So maybe the ANAO staff did throw the cupcakes in the bin after all. But most other public servants would just eat them, right?

That simple question proved too difficult to answer, even when I asked the other workplaces that received cupcakes (there were a few).

I began with the Department of Foreign Affairs and Trade. It didn't receive cakes but it's across the road from the ANAO and, more relevantly, it has told me in the past that it allows staff to keep gifts if they are "items of little or no commercial value, including perishable items such as flowers or chocolates".

I showed the department this part of its policy and asked: "What would DFAT expect one of its employees to do if, say, during a meeting with a contractor, the contractor offered the employee a sweet or similar delicacy?"

It responded by sending me the policy I had already quoted.

I rang again, and begged for a straightforward answer: "Please, please tell me: would DFAT allow its staff to eat a cupcake?" Alas, its spokesman wouldn't answer hypothetical cases.

Which is absurd, because this is precisely how ethics has been taught for thousands of years, from Socrates on. We learn through examples, and by discussing the distinctions between them. If you refuse to do this, you're not really interested in the practice of ethics.

As the cupcake was too great a conundrum for the bright minds of DFAT, I moved on.

Yet whoever I asked gave me no joy. With the exception of the Auditor-General's office, the cakes proved an impossible moral dilemma for public servants. The Department of Home Affairs, for example, is Canprint's biggest government client; it received the cake greetings, too. I pleaded several times for an answer: were they eaten or thrown out?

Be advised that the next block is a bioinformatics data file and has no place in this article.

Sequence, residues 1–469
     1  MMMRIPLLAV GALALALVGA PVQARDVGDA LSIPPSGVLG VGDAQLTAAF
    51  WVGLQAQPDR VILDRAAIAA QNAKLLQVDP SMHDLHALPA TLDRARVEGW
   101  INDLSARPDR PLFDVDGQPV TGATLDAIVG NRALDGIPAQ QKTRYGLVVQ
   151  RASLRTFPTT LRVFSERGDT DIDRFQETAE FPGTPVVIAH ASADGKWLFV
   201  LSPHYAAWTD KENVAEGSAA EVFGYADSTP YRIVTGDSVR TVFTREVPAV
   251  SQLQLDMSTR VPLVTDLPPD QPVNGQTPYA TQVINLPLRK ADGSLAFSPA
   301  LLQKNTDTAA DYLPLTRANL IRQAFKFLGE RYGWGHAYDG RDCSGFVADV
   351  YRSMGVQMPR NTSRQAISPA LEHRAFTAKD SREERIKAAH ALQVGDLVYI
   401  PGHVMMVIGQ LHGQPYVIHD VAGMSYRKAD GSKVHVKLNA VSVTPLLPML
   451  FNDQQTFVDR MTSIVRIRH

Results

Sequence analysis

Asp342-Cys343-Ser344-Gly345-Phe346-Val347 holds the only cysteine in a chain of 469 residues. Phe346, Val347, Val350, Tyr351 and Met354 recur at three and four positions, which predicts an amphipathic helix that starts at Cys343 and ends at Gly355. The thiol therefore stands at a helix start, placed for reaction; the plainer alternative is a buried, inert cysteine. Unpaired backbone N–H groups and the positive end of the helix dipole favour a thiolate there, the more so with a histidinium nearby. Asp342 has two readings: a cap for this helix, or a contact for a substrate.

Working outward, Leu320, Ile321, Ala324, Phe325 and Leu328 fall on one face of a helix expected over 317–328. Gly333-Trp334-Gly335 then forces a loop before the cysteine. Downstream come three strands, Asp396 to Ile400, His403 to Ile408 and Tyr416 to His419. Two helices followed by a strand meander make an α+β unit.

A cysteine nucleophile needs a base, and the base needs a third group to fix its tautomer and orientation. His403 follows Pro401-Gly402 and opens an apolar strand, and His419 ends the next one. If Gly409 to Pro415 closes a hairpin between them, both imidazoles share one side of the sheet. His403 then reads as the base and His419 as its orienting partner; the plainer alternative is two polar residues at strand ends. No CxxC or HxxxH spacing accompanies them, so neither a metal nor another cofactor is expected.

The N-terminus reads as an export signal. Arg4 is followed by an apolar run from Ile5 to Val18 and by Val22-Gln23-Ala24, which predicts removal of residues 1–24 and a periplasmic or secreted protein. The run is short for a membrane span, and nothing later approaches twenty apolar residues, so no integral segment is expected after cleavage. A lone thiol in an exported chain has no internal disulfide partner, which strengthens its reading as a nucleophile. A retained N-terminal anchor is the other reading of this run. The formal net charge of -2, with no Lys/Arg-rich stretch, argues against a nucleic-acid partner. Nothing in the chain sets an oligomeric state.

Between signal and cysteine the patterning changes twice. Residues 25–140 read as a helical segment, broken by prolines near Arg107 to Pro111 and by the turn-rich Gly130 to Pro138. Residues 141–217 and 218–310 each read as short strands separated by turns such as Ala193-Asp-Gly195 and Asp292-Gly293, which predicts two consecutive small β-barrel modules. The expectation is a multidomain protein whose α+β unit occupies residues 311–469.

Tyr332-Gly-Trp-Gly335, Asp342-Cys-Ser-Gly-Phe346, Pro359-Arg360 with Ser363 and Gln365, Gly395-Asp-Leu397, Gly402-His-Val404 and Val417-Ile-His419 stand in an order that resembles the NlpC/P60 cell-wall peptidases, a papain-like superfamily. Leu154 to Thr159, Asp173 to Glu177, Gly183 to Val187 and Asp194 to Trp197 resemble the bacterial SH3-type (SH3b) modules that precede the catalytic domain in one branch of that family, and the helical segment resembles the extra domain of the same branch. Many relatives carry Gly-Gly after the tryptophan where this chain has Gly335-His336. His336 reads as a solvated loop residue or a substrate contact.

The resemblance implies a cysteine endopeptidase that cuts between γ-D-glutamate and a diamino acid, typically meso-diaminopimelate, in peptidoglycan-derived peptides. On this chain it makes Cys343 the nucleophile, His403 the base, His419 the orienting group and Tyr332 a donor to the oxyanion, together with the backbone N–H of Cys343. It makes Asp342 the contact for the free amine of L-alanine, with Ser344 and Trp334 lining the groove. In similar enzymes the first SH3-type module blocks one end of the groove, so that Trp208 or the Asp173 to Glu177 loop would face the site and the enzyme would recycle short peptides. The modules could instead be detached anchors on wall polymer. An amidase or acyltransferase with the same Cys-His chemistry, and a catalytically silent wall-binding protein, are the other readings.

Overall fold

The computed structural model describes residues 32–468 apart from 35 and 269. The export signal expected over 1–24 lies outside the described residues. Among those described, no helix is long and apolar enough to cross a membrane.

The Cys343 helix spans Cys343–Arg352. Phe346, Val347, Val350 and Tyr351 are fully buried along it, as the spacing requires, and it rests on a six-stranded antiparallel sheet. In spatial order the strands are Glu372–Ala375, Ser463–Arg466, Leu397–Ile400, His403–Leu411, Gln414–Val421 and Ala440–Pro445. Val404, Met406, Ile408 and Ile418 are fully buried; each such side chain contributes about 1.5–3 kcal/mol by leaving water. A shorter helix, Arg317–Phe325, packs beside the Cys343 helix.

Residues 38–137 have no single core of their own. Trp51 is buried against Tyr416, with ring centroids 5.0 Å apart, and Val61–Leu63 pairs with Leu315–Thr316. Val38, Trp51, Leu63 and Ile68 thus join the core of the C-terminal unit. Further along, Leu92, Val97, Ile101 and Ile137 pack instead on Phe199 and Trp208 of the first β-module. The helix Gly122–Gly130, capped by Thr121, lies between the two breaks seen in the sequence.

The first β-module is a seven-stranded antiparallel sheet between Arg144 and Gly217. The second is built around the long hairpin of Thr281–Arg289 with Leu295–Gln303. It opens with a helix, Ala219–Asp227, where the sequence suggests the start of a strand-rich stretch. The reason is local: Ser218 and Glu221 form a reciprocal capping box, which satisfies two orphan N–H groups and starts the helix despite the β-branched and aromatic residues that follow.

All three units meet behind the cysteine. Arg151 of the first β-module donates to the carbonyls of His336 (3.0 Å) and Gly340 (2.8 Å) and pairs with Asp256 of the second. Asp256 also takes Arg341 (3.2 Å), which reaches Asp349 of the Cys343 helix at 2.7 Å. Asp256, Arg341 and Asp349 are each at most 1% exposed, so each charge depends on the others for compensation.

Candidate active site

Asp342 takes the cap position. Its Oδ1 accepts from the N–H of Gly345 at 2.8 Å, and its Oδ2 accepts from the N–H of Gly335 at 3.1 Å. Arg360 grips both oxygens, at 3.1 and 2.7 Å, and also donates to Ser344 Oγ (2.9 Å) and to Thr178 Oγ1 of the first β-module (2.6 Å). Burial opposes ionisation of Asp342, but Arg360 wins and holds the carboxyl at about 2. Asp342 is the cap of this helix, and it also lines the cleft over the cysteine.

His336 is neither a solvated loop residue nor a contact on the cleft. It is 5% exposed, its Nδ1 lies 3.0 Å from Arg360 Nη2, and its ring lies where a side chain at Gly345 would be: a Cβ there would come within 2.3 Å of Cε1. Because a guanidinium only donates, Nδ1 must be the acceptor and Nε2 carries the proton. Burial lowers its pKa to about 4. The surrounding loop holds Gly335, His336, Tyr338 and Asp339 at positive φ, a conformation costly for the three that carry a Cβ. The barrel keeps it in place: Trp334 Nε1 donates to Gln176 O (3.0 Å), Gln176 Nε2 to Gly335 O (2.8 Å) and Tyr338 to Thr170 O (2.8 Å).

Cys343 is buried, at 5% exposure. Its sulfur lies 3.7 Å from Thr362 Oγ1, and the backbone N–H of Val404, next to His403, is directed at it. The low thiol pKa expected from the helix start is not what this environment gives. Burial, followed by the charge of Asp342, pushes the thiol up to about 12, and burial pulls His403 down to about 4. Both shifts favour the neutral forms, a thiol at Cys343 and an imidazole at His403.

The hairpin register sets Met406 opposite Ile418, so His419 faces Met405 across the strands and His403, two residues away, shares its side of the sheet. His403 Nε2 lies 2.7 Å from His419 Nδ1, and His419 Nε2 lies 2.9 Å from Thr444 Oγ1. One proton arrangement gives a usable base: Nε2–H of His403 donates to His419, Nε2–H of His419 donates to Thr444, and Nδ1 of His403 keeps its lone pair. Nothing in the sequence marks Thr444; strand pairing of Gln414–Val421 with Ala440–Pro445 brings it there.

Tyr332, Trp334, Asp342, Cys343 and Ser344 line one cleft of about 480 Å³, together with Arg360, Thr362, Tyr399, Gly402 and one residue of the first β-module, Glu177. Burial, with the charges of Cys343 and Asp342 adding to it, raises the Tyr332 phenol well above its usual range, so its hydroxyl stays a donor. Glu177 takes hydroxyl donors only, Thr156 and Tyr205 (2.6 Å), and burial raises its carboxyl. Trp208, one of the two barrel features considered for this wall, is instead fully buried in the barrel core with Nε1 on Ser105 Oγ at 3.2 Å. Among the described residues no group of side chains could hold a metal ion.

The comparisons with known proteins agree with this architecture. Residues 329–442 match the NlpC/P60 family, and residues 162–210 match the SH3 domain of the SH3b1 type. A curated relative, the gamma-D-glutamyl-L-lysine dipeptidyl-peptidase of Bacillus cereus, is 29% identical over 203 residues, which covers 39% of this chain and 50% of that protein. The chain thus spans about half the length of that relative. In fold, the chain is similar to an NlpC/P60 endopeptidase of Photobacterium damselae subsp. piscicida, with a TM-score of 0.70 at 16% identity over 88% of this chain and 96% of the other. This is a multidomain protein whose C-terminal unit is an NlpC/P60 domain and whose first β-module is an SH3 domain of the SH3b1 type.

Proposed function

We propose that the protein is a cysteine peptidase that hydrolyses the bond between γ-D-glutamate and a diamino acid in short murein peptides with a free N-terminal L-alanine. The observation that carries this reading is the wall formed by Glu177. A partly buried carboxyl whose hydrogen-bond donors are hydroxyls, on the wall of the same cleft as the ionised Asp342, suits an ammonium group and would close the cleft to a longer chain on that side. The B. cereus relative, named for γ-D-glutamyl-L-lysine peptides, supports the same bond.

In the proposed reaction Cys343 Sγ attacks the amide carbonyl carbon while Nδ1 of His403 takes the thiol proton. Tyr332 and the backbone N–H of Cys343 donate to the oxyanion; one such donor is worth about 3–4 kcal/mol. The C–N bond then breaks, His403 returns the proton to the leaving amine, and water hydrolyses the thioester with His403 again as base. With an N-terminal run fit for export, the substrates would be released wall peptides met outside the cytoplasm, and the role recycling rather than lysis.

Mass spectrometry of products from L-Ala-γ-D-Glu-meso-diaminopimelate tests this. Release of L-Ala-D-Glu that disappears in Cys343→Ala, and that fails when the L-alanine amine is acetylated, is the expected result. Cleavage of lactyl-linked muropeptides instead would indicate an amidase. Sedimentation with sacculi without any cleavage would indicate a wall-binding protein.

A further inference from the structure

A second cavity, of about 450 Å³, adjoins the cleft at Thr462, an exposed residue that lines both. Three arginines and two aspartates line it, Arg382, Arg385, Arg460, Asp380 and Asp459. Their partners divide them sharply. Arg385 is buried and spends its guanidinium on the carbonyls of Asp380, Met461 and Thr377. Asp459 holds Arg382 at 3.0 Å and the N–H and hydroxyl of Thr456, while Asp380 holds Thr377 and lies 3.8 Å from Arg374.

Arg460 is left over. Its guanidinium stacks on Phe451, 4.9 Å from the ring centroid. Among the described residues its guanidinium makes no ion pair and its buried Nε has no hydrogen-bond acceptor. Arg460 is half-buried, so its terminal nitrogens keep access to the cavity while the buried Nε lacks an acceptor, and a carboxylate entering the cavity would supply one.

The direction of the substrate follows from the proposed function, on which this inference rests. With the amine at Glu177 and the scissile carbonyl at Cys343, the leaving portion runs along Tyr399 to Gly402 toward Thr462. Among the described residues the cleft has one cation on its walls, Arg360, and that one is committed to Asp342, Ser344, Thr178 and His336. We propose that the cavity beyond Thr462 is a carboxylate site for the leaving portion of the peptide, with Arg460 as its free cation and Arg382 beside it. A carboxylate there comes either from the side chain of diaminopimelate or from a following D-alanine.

The department refused to say, though a spokeswoman eventually pointed out that its employees did "not need written approval" to keep items of low value like cupcakes. So we can assume that Home Affairs staff ate them – they just don't want to say they did.

Other agencies found the question similarly unanswerable. They cited lengthy statements about the need to handle gifts and hospitality appropriately, but were unwilling to confess how they handled the cakes.

So, to eat or not to eat – what's the right answer?

Informant columnist Professor Richard Mulgan (who is, incidentally, a world-renowned scholar of Aristotle) teaches ethics to public servants here in Canberra. I asked him whether the Auditor-General's lackeys went too far; whether their snubbing of the Christmas cupcakes was too much.

Not at all, he said; he lavished praise on their stringency. "It's certainly not going overboard for an audit office. It needs to be squeaky clean." Indeed, it's very much the type of case he picks apart with his public administration students at the ANU.

The point of this Christmas story, though, isn't whether to eat the cake. It's the sad fact that discussing something so simple is rather too much for most public servants (at least, on the record). So pervasive is the fear of saying something "wrong" (even when there is no correct answer) that, these days, many bureaucrats refuse even to "like" mildly political Facebook posts, for example. No one dares make a mistake, which means few people learn. Canprint, no doubt mindful of causing a fuss for its clients, also wouldn't discuss many details of this story. After all, Canberra is full of tales of contractors who lose government work over some minor ruffle or imagined crisis.

Imagine how lively and productive, how much brighter and better, this city might be without this moral panic hanging over it.

(As we enter the yuletide season, please note that the Informant has neither a gift policy nor any qualms about accepting cake.)